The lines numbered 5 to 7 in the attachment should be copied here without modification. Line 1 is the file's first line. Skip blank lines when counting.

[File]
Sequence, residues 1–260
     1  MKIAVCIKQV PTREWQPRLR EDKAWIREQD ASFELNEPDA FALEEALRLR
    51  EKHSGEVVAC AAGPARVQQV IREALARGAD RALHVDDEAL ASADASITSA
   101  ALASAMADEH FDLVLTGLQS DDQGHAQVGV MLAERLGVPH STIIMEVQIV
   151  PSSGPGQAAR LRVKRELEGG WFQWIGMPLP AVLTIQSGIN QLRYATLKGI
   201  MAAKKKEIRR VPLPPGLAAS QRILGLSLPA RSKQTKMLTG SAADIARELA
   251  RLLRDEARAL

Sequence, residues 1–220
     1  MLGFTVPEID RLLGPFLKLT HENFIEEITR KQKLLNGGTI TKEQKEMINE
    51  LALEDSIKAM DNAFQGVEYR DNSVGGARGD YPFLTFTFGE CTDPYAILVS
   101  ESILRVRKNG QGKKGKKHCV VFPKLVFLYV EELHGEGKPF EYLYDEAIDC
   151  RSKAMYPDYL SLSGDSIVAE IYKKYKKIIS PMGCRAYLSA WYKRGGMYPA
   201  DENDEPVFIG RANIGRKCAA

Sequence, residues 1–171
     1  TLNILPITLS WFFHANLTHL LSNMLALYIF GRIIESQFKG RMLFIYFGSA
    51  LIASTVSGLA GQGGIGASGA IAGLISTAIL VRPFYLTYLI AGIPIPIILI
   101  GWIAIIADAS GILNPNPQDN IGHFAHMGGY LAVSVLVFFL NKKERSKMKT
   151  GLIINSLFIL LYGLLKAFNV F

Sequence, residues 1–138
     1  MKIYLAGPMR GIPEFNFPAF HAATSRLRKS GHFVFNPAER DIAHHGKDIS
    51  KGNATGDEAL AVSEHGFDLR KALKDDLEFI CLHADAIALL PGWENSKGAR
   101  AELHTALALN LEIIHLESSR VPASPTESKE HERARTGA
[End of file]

   151  PSSGPGQAAR LRVKRELEGG WFQWIGMPLP AVLTIQSGIN QLRYATLKGI
   201  MAAKKKEIRR VPLPPGLAAS QRILGLSLPA RSKQTKMLTG SAADIARELA
   251  RLLRDEARAL